Regardless of the fact that Star Wars still held a decent stake in the biggest franchise in the history of cinema argument, few could honestly confess that Disney+'s first live-action small screen adventure in the galaxy far, far away was always destined to be a sure-fire success.
Simply put, faith in George Lucas' world had hit the asteroid field coming into the conclusion to the Skywalker Saga and on the back of the underwhelming spin-off that was the unwanted prequel, Solo: A Star Wars Story. Thankfully, though, in Jon Favreau Disney tend to understandably trust, and what ultimately blasted off into TV hyperspace quickly became the talk of not only their streaming service, but the small screen galaxy as a whole.
Two seasons (and a more-or-less semi-season within The Book of Boba Fett) on, the likes of Din Djarin and Grogu have become cherished elements of a once-again thriving universe, with old favourites also being welcomed back for the ride along the way.
As with any Star Wars project worth its blue milk, with such a monumental feat of often cinematic television obviously comes with it a whole host of intriguing facts and secrets that make the end product as satisfying to digest as a Frog Lady's offspring. Too soon... ?
10. Tusken Sign Language Was Created For The World
When it comes to Disney+'s corner of the galaxy far, far away in general, the treatment of the once-terrifying and under-developed Tusken Raiders made for a rather refreshing change.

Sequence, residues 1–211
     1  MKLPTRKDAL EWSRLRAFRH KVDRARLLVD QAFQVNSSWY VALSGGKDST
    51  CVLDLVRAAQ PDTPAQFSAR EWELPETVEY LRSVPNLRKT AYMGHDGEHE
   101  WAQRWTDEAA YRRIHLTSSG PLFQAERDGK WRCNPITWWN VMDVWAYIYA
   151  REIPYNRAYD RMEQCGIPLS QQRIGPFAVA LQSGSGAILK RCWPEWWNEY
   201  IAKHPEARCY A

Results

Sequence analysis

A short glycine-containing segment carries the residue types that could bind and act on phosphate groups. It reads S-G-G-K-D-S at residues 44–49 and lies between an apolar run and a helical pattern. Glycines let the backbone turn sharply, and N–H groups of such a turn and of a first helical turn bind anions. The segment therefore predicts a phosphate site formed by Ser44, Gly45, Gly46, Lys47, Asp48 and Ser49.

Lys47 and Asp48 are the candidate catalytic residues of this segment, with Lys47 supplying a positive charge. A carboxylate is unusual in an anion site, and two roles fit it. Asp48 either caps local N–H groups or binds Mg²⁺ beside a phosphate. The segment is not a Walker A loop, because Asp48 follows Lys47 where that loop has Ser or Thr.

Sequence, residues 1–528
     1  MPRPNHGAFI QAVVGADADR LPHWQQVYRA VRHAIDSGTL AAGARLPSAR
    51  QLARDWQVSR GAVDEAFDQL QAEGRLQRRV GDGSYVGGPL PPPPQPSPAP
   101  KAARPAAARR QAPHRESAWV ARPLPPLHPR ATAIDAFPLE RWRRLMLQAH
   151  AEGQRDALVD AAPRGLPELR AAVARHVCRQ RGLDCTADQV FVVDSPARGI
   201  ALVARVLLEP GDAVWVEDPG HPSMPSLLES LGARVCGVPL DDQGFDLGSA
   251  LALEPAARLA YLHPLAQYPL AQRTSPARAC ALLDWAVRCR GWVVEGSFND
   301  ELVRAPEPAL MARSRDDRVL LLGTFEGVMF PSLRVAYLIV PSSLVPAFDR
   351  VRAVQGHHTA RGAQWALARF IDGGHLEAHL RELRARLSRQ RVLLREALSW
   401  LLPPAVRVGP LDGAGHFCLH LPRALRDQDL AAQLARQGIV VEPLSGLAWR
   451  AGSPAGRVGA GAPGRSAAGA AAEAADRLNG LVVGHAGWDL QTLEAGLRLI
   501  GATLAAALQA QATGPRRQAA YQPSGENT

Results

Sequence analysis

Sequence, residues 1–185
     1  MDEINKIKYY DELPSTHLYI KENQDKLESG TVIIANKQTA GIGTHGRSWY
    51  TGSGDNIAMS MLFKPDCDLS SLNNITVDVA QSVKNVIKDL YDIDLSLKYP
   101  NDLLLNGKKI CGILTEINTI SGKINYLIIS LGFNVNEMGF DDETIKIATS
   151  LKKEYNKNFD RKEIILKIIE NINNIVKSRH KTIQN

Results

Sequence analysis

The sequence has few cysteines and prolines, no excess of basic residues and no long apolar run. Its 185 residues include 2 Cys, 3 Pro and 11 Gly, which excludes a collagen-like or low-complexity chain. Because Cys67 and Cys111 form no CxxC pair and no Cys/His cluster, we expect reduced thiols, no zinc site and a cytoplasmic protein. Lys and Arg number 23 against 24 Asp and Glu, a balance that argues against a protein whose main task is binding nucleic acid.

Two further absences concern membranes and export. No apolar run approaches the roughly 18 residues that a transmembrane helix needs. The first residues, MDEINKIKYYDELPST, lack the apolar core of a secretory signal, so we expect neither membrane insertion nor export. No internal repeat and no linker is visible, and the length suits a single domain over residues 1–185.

Instead of being simply presented as the senseless villains occupying Tatooine as they had been in the previous few decades, the likes of The Mandalorian and The Book of Boba Fett highlighted how there was truly more than meets the goggle when it comes to these native Sand People.
One of the most compelling developments when it came to the well-known Star Wars race, however, was the introduction of Tusken Sign Language in the first season of The Mandalorian. In order to gain safe passage across the across the desert, Mando converses with the Raiders using this distinct form of sign language.
Distinct, because it was actually designed specifically for the show and subsequent spin-off, with Troy Kotsur - the first Deaf actor to win an Acting Oscar - playing a major part in developing the language. Kotsur himself was brought on as a sign language consultant for The Mandalorian before popping up as a Raider in episode 5, with the actor later telling The Daily Moth:
"...my goal was to avoid ASL. I made sure it became Tusken Sign Language based on their culture and environment."